Do you feel nervous and awkward in social situations? Do you get
tongue-tied when you meet new people? Do you avoid going places where you’ll
have to make conversation with people?
You’re not alone. An estimated 7.1% of U.S. adults and 9.1% of
adolescents have what’s called social anxiety. Also known as social phobia,
this common condition is characterized by a persistent fear of situations when
you’re around new people or might face scrutiny by others. Basically, you’re
afraid you might do something embarrassing or humiliating.
Would you like to feel more comfortable around others? You can. Jeremy Greene
and Kyle Mitchell did it.
was bullied growing up and was filled with thoughts like, “I’m not good enough”
and “Nobody likes me.” His social anxiety was so high that when he landed a gig
interviewing celebrities on the red carpet, he was so terrified, he had to go
out and practice by talking to the general public.
Kyle was consumed with anxiety when he went from a small private
high school to a huge public one where he didn’t know a single soul. He would
sit in a bathroom stall crying until the first bell rang. For the rest of the
day, he just tried to stay under the radar.
Neither one of these two guys wanted to feel this way. So they started researching the neuroscience of anxiety and put in the work to change the thinking patterns that were holding them back. They both broke free from severe social anxiety and now they host The Social Ninjas Podcast to help others do the same.
As the co-author of The Brain Warrior’s Way, I can relate to the concept of being a ninja in the fight for the health of your brain and mind. I interviewed Jeremy and Kyle recently to find out how they did it and to get some tips that might help you learn to overcome social anxiety too. (Watch the video here.)
Start small. If you’ve been following my social media pages for some time, you
may know that I’m a “jump the canyon” kind of person who likes to dive into
things at 110%. But Kyle and Jeremy suggest that for people with social
anxiety, it’s better to dip your toe in the pool rather than diving off this
high dive. “Don’t sign up for a public speaking gig for 100 people,” cautions
Kyle. “A lot of people try to go way too big and that just brings you down and
makes you feel worse. What does he suggest? “Just talk to one person,” he
recommends. If the thought of talking to a stranger fills you with terror, try
Jeremy’s suggestion: “Just go and wave to 10 random people.”
Overcoming social anxiety requires ongoing effort. Kyle says,
“I no longer struggle like I used to, but I still have to have a daily
practice.” He’s right. Overcoming anxiety—or any other mental health issue or
addiction—isn’t something that happens overnight. It requires a daily
commitment to change your thoughts and behaviors. When you understand this,
you’re more likely to stick with it rather than falling back into your old
habits and negative thought patterns.
Drinking and drugs are just distractions. “Drugs and alcohol and substance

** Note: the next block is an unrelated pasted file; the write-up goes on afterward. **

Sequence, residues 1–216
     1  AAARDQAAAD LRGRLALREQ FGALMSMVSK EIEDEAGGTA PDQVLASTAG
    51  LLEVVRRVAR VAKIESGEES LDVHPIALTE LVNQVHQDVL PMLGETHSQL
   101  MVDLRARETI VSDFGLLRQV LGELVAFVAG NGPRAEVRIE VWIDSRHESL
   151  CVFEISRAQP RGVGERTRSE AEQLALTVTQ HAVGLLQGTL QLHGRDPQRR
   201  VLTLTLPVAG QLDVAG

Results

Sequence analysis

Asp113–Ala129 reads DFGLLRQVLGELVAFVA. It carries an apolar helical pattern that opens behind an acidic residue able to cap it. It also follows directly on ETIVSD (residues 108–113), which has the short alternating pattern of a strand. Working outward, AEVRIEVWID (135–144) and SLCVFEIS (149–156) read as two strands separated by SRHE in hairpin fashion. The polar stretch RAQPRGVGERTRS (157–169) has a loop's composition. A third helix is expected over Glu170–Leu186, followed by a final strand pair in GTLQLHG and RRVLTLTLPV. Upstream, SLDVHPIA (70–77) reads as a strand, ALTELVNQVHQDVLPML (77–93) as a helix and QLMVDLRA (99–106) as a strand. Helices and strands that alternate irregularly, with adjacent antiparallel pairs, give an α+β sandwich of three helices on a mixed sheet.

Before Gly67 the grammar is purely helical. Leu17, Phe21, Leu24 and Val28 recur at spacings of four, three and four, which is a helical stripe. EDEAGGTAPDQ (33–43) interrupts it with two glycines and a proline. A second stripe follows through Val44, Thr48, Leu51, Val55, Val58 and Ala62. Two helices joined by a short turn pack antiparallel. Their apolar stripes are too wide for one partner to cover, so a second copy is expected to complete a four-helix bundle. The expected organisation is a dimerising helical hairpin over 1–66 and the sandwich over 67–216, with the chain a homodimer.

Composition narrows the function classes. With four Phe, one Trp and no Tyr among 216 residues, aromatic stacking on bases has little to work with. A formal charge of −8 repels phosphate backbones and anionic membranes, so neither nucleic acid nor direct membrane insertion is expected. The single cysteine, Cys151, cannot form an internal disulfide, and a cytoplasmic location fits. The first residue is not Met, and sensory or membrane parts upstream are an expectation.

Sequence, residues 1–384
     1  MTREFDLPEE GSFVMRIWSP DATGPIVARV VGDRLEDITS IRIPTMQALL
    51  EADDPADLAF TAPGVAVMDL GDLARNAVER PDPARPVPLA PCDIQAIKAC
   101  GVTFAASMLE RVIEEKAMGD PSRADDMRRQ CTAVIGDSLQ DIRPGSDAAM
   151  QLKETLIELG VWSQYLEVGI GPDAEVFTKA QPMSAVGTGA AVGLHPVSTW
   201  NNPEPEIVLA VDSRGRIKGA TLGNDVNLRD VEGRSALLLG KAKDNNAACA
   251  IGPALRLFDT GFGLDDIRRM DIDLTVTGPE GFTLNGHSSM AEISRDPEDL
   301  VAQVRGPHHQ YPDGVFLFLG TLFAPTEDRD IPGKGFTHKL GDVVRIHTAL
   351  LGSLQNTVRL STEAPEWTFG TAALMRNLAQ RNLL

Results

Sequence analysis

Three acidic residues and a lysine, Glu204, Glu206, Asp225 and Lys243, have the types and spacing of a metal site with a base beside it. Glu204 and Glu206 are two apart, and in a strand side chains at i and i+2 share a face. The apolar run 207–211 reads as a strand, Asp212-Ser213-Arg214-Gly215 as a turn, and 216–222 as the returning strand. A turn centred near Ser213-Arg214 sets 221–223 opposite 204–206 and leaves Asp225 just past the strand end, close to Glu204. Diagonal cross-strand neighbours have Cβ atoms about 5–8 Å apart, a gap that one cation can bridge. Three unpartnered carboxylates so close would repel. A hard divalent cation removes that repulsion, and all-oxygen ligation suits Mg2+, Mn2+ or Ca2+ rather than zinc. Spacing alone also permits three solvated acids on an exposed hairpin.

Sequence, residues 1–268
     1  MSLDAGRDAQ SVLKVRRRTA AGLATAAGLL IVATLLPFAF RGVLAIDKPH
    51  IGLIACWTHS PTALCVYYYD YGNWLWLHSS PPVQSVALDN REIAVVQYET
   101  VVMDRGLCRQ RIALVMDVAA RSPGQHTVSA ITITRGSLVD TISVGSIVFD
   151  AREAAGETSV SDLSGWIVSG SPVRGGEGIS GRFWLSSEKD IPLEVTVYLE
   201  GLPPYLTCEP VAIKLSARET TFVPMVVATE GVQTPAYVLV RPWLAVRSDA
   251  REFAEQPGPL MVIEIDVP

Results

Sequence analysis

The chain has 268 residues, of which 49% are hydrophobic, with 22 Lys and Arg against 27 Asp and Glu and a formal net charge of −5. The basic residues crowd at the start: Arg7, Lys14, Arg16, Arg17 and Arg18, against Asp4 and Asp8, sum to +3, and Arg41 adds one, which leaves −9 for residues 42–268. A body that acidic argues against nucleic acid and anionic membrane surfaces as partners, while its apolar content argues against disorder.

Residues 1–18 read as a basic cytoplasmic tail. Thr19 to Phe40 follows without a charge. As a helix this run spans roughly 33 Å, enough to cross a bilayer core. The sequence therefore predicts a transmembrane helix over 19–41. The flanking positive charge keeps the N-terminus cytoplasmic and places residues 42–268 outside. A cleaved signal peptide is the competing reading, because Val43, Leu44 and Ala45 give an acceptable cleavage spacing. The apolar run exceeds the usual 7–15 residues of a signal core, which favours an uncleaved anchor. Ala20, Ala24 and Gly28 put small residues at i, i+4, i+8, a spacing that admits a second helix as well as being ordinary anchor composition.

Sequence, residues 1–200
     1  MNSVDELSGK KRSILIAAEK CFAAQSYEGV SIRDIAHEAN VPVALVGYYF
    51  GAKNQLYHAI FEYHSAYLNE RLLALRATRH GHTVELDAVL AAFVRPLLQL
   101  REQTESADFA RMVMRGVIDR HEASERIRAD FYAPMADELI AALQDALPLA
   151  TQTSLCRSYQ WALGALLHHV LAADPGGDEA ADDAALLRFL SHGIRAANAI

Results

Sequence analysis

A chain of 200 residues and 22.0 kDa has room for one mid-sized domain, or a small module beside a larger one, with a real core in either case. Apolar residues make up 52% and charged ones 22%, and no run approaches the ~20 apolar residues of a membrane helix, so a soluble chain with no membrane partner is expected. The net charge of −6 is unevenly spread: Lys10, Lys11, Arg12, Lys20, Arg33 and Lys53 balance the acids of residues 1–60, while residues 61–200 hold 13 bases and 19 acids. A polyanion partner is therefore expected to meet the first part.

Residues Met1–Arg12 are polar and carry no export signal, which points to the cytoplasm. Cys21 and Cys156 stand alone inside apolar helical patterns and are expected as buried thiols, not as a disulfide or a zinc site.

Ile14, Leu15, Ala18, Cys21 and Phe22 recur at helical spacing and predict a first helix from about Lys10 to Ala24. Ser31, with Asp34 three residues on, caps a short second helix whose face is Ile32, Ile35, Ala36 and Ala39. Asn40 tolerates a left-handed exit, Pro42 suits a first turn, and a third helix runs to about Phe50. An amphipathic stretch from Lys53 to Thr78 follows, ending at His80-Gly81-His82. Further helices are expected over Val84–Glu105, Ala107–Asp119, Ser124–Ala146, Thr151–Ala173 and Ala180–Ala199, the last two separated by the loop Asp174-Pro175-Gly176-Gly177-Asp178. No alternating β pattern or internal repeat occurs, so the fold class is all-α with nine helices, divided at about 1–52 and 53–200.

abuse are just a form of distracting yourself from the emotions and things
you’re feeling,” says Jeremy. “People use it as a crutch.” For anyone with
social anxiety, drinking can provide “liquid courage” as Kyle says. Although
this may help in the short-term, drinking and substance use actually increase
anxiety in the long run.
Be compassionate toward yourself. Everybody slips up or does something embarrassing in public.
Jeremy and Kyle have both learned not to be so hard on themselves when they do.
“Forgive yourself as quickly as possible,” says Jeremy.
Look at your negative thoughts like an observer. Jeremy, who
used to have thoughts about not being good enough, has learned an important
lesson about what’s going on inside his head. “My thoughts do not define me,”
he says. Now, when he has those harmful thoughts, he notices the thought as an
observer and finds that it separates him from it.
Go for gratitude. You get to choose what your brain focuses on. Kyle says that
during the pandemic, he’s focused on the positives—getting to spend more time
with his 3 kids and his wife. “I could focus on what sucks about it, like not
getting to be in my bowling league, but that would just make me feel bad,” he
says. Similarly, Jeremy asks himself every day, “What are 3 good things that
happened to me today?” They don’t have to be incredibly amazing things, they can
be simple things like having a great breakfast, sunshine, or whatever brings
you a little bit of pleasure. Personally, I like to take gratitude practice a
step further with accountability. During the pandemic, a friend and I would
text each other our gratitude lists every day. It’s hard to feel bad when you
get a gratitude list from someone.
Being vulnerable and asking for help makes you a superhero. Admitting
that you have social anxiety doesn’t make you weak. Kyle and Jeremy both found
that talking about their anxiety has made them feel stronger and freer.
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